The farming and wider agricultural industry has always been subject to the unexpected, with the vagaries of markets, weather, pests and diseases often causing big swings in income and expenditure. Many can be foreseen, but by no means all. Witness COVID-19, which has been a disruptive force that has changed all our businesses in ways we could never have envisaged just a few months ago.

Here, Oliver Maxey Regional Head of Agriculture for Yorkshire & Clydesdale Bank, owned by Virgin Money, considers how farmers can be prepared for longer term financial impacts.

“Farming is a long-term enterprise. Crops cannot be turned off and cows cannot be furloughed. So a major national emergency such as COVID-19 has to be dealt with against a continuous production cycle, therefore farmers have to react to difficult circumstances, and keep adapting their business to the unexpected.

The pandemic has presented a major challenge, with markets disrupted and in some cases disappearing overnight.  At times like these it is essential to have a good understanding of your finances, what the prospects are going forward and to consider what additional support your business may need both immediately and in the future.

Brian is keen to provide some practical guidance to stay one step ahead. Business planning is nothing new, but COVID-19 has brought home the need for farmers to have a good financial understanding of their business’ health.

  • Financial Accounts – All farm businesses legally have to produce financial accounts. These accounts may be produced in a standard format however to ensure they are relevant to you and reflect your performance, discuss them with your accountant and professional advisers, as they may require further analysis. It is also important to note that accounts show what has happened in the past and whilst a good indicator of what may happen in the future, this is by no means guaranteed, particularly if your farm business is evolving or going through change.
  • Forward Budget – Keep a rolling forward budget in place so you can understand the likely outcome for the year. Anticipate cash requirements by including some form of cash flow in the budgeting process. Most farm business software packages have a budgeting and cashflow module included which are intuitive, easy-to-use, and can be updated as the year progresses. Do not treat these as a ‘one-off’ document – keep updating them as information becomes available. This will ensure that you have the latest information.
  • Scenario Impact – Understand the ‘what if’ consequences of input and output volatility. For example, what will the impact be on your business income for each 1ppl change in price for your milk or a 0.5t/ha change in wheat yield?
  • Investment and Expenditure – Carefully evaluate the effects of significant expenditure or commitment to longer term finance on equipment and buildings. Capital expenditure decisions are often based around reducing costs or increasing outputs. Make sure you are realistic in considering these and that the capital expenditure will really deliver the results you expect.
  • Business Performance Evaluation – Constantly evaluate your performance. How does it compare with industry benchmarks? How can you keep pushing your business to do better?  As well as formal benchmarking through your accountant and advisor, there are more informal ways to do this. Compare with neighbours and keep abreast, for example through the media, on what’s going on in the wider industry.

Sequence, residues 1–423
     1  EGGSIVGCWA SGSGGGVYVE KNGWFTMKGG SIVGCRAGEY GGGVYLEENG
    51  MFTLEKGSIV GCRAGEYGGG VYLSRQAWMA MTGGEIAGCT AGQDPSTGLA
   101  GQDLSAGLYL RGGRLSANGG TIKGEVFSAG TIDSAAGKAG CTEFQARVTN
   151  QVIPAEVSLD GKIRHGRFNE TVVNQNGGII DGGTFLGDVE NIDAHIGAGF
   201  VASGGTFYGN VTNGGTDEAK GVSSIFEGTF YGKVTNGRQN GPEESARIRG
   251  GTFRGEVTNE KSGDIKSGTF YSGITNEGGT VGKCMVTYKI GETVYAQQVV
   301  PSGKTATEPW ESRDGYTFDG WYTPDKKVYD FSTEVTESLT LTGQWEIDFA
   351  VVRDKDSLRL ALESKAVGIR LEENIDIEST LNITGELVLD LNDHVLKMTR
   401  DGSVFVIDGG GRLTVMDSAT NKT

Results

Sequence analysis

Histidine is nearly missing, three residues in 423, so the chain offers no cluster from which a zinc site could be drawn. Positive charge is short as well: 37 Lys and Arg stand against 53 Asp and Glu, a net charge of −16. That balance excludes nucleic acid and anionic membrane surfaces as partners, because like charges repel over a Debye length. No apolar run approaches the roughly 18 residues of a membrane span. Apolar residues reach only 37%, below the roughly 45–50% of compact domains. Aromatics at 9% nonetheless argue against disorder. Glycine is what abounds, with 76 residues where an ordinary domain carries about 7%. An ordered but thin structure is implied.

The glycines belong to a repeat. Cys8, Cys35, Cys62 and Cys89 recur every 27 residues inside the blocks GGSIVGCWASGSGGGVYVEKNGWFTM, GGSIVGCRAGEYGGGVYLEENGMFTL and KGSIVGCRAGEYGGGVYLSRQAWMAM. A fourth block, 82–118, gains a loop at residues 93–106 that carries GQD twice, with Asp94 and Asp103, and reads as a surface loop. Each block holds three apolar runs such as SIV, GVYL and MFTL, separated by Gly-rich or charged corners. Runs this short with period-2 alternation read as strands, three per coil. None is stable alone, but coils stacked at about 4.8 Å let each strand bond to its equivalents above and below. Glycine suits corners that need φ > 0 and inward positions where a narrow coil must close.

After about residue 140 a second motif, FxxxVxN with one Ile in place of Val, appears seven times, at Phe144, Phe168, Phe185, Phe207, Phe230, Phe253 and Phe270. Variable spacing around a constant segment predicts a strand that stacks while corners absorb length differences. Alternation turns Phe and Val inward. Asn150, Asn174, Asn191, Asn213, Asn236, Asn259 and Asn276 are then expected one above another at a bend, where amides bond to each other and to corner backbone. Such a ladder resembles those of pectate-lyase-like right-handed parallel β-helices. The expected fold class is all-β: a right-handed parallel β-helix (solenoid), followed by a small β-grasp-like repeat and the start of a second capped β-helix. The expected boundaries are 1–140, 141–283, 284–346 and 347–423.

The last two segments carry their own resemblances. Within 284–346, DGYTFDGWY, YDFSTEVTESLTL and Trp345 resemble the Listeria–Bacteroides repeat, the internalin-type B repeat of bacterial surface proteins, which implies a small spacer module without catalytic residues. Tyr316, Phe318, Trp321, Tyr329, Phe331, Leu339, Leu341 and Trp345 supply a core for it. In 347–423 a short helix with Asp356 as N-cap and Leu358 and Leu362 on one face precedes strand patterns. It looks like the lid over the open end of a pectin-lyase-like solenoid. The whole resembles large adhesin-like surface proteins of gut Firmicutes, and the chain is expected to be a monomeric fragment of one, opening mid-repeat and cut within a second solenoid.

• Prompt Payment – Make sure you get paid on time for produce and stock sold. Understand the payment terms you have sold on and actively chase up any late payments.  Discover why this has happened and if your supplier is having any financial problems. Most businesses now pay electronically, so use your internet banking to keep an eye on money coming in.
  • Seek Specialist Advice – Where you start to see challenges, short or long term, use a trusted advisor to help you understand these challenges and discuss how to adapt your business to proactively address them.
  • Don’t Bury Your Head – Where your business has been significantly impacted by COVID-19 or where you see cash flow problems, get in contact with your bank as soon as possible to discuss issues and your plans for dealing with any challenges arising.  It is only after this type of conversation that the most relevant support can be put in place, for example, the use, if appropriate, of the Government’s lending schemes.  The best advice is always easier to provide when there is a complete pack of all the information for the business available, so it is vital that you have this to hand. And of course, do not be afraid to pick up the phone to speak to your bank relationship manager and wider team of professional advisors.

Oliver continues: “As we all know, there are many complexities in running an agri-business. Currently the potential for extreme volatility caused by the pandemic makes keeping on top of farm accounts and budgets more important than ever. Clydesdale & Yorkshire Bank has a long heritage of working with and supporting the farming industry and we have carried this forward during the current crisis, working closely with customers on any requirements, both short term and long term.

“COVID-19 will not be the last challenge. There are more on the horizon, with changes to support as we withdraw from the EU. It has never been more important to have a full picture of your farming business.”  Oliver concludes:

“Agriculture is a long-term industry and I am confident that producing high quality food at incredible value for money will see it survive and prosper in the future.  That is why it is so important to improve business planning and monitoring as it will be an essential part of the farming industry’s recovery.”